In December 2019, the European Commission presented the European Green Deal with the ambition of making Europe the first climate-neutral continent by 2050, boosting the economy, improving people's health and quality of life, caring for nature, and leaving no one behind.

More and more, fibre connectivity is recognised as a key asset to align the digital and sustainability agendas. Being the most sustainable telecommunication infrastructure technology, full-fibre is a prerequisite to achieving the European Green Deal and making the European Union’s economy more sustainable.

As a result, the need to work collectively towards a more sustainable society has become a strategic objective not only for policy makers but for the vast majority of private organisations, part of the FTTH value chain.


Use of recycled plastics in CPEs (Customer-premises equipment)

Member company: Genexis
Country or geographical scope: Global
Period: 2018 onwards
Company type: Vendor/Reseller
Product/service category involved: CPEs


CPE equipment vendors can limit or even abandon the use of virgin plastics in the housing of their CPE products, by using recycled plastics instead. This has a positive impact on the circular economy, where materials can be reused. Recycled plastics material is easier and more cost-efficient to obtain in darker colors, so in practice using recycled plastics often means the products will have a black color.


Policies and agreements like The Paris Agreement are driving the adoption of more sustainable products and processes. From multiple angles there is more pressure and need to reduce our environmental footprint and therewith limit global warming. This also applies to the FTTH market. The whole value chain, ranging from end-users to operators/ISPs and suppliers, is demanding for more sustainable products and solutions.

There are many aspects of sustainability, but maybe the most well-known one is recycling. With recycling, waste materials are converted into new materials. Meaning there is no need of virgin materials, while the waste materials get a new life. Recycling is nowadays widely applied for plastic packaging, but still less in products. This is a missed opportunity since this is also a feasible solution for plastic products housings of CPE equipment.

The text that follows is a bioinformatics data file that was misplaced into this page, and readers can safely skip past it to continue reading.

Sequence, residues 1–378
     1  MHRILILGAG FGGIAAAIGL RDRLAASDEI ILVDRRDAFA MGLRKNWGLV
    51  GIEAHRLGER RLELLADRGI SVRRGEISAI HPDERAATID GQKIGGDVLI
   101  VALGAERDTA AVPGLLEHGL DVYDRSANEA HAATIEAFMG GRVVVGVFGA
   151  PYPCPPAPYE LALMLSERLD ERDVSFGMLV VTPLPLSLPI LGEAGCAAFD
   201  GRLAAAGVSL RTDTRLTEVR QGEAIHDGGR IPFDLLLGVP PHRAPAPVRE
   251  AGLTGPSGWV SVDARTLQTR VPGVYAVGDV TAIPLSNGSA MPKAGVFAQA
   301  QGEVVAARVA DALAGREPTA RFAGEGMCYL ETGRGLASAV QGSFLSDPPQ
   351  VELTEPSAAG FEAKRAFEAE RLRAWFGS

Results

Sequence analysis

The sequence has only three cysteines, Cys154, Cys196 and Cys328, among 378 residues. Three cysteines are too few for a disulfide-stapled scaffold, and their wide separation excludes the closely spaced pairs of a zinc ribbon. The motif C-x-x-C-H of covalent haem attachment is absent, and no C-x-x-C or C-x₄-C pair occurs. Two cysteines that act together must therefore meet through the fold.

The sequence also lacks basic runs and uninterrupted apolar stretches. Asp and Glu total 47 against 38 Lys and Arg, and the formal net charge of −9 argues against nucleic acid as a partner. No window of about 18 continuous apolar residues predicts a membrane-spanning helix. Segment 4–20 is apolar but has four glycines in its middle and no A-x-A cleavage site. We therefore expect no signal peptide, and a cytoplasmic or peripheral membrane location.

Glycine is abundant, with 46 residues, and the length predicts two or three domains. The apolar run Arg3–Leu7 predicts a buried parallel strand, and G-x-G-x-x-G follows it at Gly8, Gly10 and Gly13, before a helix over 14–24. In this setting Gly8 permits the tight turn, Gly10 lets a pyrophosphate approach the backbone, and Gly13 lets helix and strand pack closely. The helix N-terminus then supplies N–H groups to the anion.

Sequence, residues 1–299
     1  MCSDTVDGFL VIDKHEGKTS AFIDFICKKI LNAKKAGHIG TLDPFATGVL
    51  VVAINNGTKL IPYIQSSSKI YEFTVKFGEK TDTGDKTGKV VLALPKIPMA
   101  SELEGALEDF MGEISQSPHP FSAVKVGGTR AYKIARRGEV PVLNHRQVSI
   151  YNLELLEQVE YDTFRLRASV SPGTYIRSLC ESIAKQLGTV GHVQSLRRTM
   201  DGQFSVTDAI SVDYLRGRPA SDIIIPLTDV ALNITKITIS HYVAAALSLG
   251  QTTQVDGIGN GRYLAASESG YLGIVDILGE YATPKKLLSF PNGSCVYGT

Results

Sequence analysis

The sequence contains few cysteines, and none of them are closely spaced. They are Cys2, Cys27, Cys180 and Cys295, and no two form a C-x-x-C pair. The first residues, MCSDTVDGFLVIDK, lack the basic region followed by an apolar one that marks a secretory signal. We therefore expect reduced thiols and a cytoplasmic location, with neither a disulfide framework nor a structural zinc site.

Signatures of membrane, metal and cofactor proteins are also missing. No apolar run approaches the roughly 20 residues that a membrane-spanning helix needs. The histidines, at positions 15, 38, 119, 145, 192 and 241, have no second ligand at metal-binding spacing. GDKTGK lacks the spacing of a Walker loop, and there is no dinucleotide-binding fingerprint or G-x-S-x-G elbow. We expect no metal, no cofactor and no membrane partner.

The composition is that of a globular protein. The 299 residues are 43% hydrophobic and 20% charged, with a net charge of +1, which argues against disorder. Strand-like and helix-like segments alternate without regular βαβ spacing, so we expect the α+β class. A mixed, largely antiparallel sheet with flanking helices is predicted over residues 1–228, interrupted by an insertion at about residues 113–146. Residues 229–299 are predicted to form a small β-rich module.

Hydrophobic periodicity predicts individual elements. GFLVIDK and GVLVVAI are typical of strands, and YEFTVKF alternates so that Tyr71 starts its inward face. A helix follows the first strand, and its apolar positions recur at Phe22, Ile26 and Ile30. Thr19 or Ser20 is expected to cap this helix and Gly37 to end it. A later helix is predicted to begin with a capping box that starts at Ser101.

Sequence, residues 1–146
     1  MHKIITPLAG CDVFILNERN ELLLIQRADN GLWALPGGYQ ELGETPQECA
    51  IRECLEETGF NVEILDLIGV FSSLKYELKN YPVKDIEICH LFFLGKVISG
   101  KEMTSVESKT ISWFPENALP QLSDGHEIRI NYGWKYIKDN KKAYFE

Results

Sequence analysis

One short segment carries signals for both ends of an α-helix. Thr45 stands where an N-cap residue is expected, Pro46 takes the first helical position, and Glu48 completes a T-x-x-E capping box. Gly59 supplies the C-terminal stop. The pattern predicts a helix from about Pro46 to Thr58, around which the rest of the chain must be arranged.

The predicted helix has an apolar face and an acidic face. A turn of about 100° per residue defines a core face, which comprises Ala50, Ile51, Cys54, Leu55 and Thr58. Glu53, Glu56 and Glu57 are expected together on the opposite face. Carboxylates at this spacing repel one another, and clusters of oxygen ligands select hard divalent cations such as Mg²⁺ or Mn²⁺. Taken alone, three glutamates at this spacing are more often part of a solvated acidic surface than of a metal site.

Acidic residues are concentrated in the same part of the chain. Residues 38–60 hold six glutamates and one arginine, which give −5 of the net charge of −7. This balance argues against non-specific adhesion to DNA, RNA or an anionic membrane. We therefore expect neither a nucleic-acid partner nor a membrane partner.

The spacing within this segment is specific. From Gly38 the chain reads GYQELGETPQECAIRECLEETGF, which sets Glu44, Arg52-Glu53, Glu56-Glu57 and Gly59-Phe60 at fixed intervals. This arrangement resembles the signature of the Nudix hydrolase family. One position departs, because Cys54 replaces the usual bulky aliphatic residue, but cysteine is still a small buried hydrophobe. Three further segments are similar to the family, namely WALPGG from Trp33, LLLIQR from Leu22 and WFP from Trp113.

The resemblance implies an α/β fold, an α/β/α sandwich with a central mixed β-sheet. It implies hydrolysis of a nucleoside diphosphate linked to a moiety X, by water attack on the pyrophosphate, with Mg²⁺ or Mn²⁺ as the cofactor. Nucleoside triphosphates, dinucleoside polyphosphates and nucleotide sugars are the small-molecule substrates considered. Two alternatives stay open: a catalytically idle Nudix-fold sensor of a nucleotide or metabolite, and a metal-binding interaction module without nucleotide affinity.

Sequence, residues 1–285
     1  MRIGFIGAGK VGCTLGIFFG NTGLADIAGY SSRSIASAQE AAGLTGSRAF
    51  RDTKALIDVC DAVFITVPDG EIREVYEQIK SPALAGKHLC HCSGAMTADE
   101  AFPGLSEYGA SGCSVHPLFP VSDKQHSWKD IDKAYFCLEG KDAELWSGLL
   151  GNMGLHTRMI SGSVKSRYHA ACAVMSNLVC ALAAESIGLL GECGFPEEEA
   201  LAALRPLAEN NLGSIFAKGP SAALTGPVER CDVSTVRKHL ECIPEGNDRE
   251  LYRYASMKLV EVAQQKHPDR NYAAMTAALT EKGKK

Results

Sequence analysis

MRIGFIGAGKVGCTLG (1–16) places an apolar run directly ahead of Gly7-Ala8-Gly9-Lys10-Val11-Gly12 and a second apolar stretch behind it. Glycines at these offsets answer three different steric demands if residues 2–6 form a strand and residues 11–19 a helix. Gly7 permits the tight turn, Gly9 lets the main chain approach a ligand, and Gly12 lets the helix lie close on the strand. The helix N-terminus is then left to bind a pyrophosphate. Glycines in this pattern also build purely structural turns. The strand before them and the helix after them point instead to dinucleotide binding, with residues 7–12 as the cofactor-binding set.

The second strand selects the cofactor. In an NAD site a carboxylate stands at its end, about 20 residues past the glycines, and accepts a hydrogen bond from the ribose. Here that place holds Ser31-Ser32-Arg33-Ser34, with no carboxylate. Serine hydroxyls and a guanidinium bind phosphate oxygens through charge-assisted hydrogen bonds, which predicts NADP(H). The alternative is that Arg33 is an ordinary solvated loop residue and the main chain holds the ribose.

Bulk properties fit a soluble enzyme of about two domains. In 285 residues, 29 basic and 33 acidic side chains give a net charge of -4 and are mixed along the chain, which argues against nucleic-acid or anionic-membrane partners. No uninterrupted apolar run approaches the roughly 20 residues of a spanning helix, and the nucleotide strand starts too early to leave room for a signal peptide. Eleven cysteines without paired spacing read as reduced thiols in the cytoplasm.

Today, most plastics suppliers provide solutions for using recycled plastics in product housings for CPE equipment. The recycled plastics can offer the same specifications compared to virgin materials, while the cost difference is relatively small. This cost difference depends however on the color of recycled plastics: to obtain a white/light color, lighter color types of plastics need to be filtered out from waste streams, which is a labor-intensive task and therefore more expensive. In addition, it is more difficult to achieve a fully smooth white product surface. Hence, in practice we see that most of the recycled plastics in CPE products are black. This keeps the cost impact under control, while simplifying the recycling process and ensuring an evenly colored product surface.


By implementing recycled plastics in its CPE portfolio, Genexis achieved multiple results. One example is a custom-made product for KPN, the Tier-1 network operator in the Netherlands. One of KPN’s goals is to use almost 100% reusable materials by 2025. To support KPN in this goal, Genexis developed a Network Terminator (NT) which uses >98% recycled plastics for the products housing.

According to the results of a professional Product Circularity Report, besides the recycled housing a total of 56% of the materials used in the NT can, in theory, be recycled. Furthermore, the NT is well designed for disassembly and almost all connections are accessible. This results in high levels of component recovery. For all details, please refer to the Product Circularity Report that can be found here.


Recycling is very common for plastic packaging, but unfortunately less common for CPEs so far. This is a missed opportunity, since recycled plastic materials are widely available with similar specifications and at similar pricing levels compared to virgin plastics. Achieving white recycled plastics out of a wide color range of waste streams is a challenge however, therefore we see a trend of an increasing number of black CPEs in the market. The question is whether operators, ISPs and end-users will accept this, but hopefully this will not be a blocking factor in making CPEs more sustainable.


Martijn Rooijakkers, Sr. Commercial Product Manager, Genexis

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